Tuning a new fiddle string
Use the peg to roughly tune the string, leaving it slightly flat of the note you’re tuning it to. Then use the fine adjuster to finish tuning it. A new string will stretch a lot over the first week or so, and will go flat as it stretches. So over the first couple of weeks you’ll need to re-tune your fiddle very regularly. When you first put the string on you’ll find it goes flat again within a matter of minutes! Because of this it’s worth planning your string-changing to make sure you don’t have to put a brand new string on just before you are planning on playing with others, or performing.
How often should you replace your fiddle strings?
There are several reasons you may want to change a fiddle string or a set of strings. Many fiddle strings are ‘wound’, and have a thin wire wrapped in a tight spiral around a core. As strings get old this thin wire becomes worn and can break. If this happens you’ll notice an area on the string that feels rough under the finger. It generally happens on the area of the string that the fingers fall on most often when playing.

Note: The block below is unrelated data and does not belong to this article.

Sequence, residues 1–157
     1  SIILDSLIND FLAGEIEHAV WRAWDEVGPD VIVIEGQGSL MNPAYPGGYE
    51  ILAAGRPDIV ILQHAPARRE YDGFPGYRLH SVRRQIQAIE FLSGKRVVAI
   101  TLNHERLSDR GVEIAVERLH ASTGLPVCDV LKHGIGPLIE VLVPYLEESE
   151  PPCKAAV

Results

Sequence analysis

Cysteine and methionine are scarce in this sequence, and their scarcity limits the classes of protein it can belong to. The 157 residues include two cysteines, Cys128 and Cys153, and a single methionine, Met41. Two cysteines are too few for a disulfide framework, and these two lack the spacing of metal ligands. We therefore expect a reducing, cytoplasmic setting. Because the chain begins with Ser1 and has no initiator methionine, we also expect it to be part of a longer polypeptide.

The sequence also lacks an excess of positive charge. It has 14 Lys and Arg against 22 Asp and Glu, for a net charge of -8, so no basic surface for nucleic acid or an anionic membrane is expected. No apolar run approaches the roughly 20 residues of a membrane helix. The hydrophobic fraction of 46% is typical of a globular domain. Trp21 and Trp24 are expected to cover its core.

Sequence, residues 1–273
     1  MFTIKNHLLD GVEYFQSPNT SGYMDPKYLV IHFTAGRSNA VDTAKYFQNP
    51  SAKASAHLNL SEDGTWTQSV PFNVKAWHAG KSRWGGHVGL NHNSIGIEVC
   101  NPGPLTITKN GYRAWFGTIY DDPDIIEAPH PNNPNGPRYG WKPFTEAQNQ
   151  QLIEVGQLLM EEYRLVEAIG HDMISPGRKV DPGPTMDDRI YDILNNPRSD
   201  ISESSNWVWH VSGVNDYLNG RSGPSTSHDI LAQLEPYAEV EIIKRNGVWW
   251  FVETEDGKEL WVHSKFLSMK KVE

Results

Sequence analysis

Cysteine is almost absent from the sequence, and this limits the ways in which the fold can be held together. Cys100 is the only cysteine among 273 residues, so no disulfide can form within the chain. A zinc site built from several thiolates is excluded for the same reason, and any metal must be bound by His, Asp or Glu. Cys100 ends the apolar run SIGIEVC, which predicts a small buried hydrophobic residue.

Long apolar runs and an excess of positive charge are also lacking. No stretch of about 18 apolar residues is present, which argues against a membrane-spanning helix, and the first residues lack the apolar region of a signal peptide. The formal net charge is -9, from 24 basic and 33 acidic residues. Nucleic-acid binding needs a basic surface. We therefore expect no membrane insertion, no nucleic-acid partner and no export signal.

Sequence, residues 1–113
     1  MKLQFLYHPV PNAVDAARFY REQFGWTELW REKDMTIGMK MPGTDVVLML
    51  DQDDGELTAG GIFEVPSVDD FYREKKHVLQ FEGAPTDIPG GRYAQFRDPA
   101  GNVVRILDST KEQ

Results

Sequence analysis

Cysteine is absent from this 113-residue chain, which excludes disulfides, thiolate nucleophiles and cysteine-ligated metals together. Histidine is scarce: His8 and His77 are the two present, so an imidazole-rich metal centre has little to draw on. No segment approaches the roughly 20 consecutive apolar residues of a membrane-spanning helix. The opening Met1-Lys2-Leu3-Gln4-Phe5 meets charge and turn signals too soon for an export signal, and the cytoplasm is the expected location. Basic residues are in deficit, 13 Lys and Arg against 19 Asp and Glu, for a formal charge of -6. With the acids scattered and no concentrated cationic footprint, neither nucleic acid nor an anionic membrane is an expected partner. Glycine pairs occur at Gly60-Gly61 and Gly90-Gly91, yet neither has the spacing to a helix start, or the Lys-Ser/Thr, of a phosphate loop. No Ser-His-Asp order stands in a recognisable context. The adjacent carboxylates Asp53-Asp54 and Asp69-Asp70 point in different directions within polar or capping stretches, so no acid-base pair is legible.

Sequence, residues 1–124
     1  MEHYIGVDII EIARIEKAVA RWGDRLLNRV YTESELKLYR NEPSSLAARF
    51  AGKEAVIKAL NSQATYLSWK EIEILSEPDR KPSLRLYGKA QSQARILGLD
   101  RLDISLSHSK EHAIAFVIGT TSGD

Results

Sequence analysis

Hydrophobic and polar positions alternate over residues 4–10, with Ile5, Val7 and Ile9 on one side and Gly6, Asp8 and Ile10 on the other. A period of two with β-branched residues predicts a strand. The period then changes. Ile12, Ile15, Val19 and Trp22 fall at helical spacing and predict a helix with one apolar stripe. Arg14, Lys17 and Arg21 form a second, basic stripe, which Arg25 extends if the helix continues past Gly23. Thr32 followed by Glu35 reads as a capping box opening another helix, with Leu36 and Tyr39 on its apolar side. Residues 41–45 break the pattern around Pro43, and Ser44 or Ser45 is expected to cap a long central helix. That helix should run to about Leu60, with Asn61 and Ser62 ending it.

Occasionally an individual string may snap completely.
If your strings haven’t been changed for a long time you may notice that a particular string sounds much less resonant, or that you find it much harder to hear whether it’s in tune or not. This is a sign it’s time to put on a new set.
How often you change your fiddle strings depends on how often you play. If you’re starting out with playing it may be less apparent when your fiddle needs new strings. As your ear becomes more able to pick up subtle nuances in the quality of sound you’ll develop a better sense of when it needs to be done. As a very rough rule of thumb, change them at least once a year.